I so loved the mist crawling in....
At the Milennium Park, the seamless structure designed by an Indian architect (or so I think)
Navy Pier, an amusement park, near Lake Michigan
I was rather stuck by the utter lack of public phones, or maybe I was just in too posh a locality to find one.
The first morning after the conference was lazy, a long night's sleep. Jet lag had hit big time then and even I, who is famous for being able to fall asleep just about anywhere, would be wide awake all night and end up with a monstrous headache every morning. Maybe that is what a hangover feels like...(now I wouldn't know why I thought that here).
I have the map in hand, but here in India, we ask people and they all tell us, even if they don't know! And so I ask and draw some strange looks. I pass through all those names we all grew up seeing on Star Movies...Bloomingdales, Harley Davidson, Starbucks. It isn't very hard to feel like I'm still watching one of those movies now, you know that kind of I-am-an-observer feeling. Like any other city, Chicago has its not so shiny backlanes, where there are junkyards and grease and dirt. I pass that too, a little too quickly. The water that I saw from my room up above, Lake Michigan, is close by now and I freeze some more.
The weather is better that day, but still cold. All smiles, I step gingerly into the Jane Addams Memorial Park, suddenly all quiet, lonely benches, empty paths and just so beautiful. Its still very very cold but I cannot resist sitting there. There is the skyline of downtown Chicago, all those tall glass buildings and the nice drive. Just like Queen's Necklace, Mumbai. The snow is in some places dirty, its been a day since it snowed. Its even melting slowly. But the trees are red, barren even, the ground is a beautiful white. I so love it. I try to photograph my footprints, find myself a discreet corner overlooking the lake and wrote this.
It feels very liberating to be there, the city, a country for me to find and explore. At a distance is Navy Pier and I reluctantly leave the park, it was getting too cold for comfort. The Pier is an amusement park, closed for the winter though. The place just goes on and on, first toy stalls and souvenir shops and candy bars and coffee. There is a Santa Claus! I get my picture taken too! Its so much fun to feel like a kid, I tell you! :-)
Its a long walk, through more shops and a greenhouse and a lovely stained glass museum to the end of the pier. There is a board which has the distance of various cities painted on it. Delhi is all of 7,000 odd miles. That's a moment I remember I felt so far away. Some 7,000 odd miles plus some more, maybe around 10,000 plus kilometres from home! Eek! It was rather overwhelming.
I look at my watch and its just 4 pm, but its rather dark already, quite disorienting. I take the public bus to look for Millennium Park. I must say this, even at the risk of being thoroughly racial, I was scared inside the bus then. Scared about all those typical Americans, just scared about being there at that moment. I walk around a bit, it starts to drizzle lightly. I turn a corner and just then, I see mist creeping in. Ah, I am all better now.
I finally reach Millennium Park, but then, suddenly, its time to go. I am to stay with a friend's sister in the suburbs. Taking the Metra is another experience, a girl helps me by lending her phone to make a call (and I revert all my earlier thoughts). A 45 minute ride and I am at Prospect Heights, a very beautiful suburb with, just like those movies again, long houses and cars in front and sidewalks and snow and more cars and shops with neon lights. Its a cozy house, a good time, and great Indian food I have there.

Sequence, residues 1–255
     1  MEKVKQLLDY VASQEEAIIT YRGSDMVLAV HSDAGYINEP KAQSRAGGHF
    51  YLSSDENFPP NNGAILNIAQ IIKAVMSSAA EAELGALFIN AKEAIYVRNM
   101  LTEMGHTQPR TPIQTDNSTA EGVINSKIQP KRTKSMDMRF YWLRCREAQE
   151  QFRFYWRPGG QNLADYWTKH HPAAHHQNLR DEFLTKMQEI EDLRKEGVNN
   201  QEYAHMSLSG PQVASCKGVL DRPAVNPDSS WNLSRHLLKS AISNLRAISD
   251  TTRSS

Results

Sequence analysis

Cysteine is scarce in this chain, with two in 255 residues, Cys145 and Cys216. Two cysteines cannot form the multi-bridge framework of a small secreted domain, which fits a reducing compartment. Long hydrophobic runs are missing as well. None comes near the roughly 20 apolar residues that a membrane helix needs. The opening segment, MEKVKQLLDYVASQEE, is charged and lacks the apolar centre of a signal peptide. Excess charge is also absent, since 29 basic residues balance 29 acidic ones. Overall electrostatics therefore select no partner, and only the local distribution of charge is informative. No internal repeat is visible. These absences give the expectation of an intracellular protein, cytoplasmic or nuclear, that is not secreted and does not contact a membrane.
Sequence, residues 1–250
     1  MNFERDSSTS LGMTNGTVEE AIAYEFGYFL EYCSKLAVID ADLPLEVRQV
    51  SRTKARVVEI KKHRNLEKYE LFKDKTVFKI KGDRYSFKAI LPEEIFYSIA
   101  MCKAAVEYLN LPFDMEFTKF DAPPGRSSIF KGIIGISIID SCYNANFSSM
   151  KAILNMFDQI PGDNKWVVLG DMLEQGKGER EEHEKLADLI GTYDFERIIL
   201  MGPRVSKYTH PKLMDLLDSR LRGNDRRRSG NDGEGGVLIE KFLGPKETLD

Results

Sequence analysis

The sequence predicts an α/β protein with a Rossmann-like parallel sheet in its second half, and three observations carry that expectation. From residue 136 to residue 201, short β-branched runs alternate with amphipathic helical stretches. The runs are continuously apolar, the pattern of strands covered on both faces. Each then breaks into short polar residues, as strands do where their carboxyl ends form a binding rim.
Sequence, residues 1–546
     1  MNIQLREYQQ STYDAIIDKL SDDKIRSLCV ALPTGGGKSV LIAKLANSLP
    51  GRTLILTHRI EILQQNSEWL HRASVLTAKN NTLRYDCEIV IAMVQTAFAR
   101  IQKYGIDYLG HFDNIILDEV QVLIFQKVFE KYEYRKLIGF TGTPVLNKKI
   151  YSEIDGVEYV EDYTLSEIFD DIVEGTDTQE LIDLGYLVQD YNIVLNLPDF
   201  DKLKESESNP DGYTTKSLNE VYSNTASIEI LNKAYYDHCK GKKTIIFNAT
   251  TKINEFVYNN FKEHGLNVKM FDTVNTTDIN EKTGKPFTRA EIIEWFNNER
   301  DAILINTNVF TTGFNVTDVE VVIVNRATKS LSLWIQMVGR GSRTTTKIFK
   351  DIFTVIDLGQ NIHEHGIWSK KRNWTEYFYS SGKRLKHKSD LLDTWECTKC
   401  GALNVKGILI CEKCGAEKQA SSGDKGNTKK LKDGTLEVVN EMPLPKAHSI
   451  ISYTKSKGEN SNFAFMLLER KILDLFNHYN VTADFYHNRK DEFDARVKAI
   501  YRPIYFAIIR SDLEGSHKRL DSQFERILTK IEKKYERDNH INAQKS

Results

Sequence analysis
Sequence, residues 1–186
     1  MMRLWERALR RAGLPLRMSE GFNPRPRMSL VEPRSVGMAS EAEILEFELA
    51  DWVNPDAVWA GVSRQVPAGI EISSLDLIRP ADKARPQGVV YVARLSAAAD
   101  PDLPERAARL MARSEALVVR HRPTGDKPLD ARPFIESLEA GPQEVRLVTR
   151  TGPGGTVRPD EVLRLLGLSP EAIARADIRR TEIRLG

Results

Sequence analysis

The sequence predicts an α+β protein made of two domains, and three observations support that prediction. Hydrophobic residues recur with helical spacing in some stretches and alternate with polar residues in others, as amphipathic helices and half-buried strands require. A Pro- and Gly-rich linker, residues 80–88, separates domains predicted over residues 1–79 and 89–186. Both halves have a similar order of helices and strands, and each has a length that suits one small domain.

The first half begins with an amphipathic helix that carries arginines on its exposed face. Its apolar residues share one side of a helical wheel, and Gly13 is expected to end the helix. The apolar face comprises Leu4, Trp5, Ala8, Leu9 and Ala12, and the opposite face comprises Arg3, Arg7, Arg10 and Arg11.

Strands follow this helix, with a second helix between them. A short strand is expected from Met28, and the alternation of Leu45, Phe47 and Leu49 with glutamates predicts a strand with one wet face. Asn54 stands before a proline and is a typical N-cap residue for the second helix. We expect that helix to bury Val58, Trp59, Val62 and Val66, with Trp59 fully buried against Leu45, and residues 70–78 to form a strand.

Next day I head to Sears Towers, still one of the tallest buildings in the world, with 103 floors. The 360-degree view is beautiful. And then the Millennium Park with its oh-so-cute bubble or whatever it is called designed by Anish Kapoor. I take lots of pictures, peep over the skating rink, walk walk and walk some more all over the place, East Huron Street, Illinois Street, fancy names. I don't lose my way, I largely stick to the avenues I know.
(Insert: On the way to an international journalists' dinner hosted by GE on the second evening, we pass through Harpo Studios, the place where Oprah Winfrey shoots her show. Yeah!)
The next two days go by then. Temperature dips to -13 degree C one day and I use that day to shop for souvenirs. Ah, the taxi driver who takes me to a mall is busy talking on the phone about his divorce and finding a new girl friend. Highly entertaining! The malls are nice, like any other. I try to buy the iPhone, they wouldn't sell me one without a connection. But you can get unlocked ones there too. Ha, India is not the only place for your Burma Bazaars! I buy the usual trappings, chocolates, watches, perfumes, jewellery, others that I know I will never use...
The day I am to leave, it snows very heavily again. Back to the airport, a hateful time as always. I meet some Gujarati shopkeepers with a predictable American twang, eat some donuts, get bored out of my wits.
At O'Hare you need to remove your shoes too during security check! I mean, come on!!
Its been a great trip, I know me more. I know the limits I will go, I know more now, what I can do, what I won't. I know I love travel. I also know that beneath the clean roads and the busy people and all that, I don't really like American life much, for several reasons
The things that travelling teaches you!!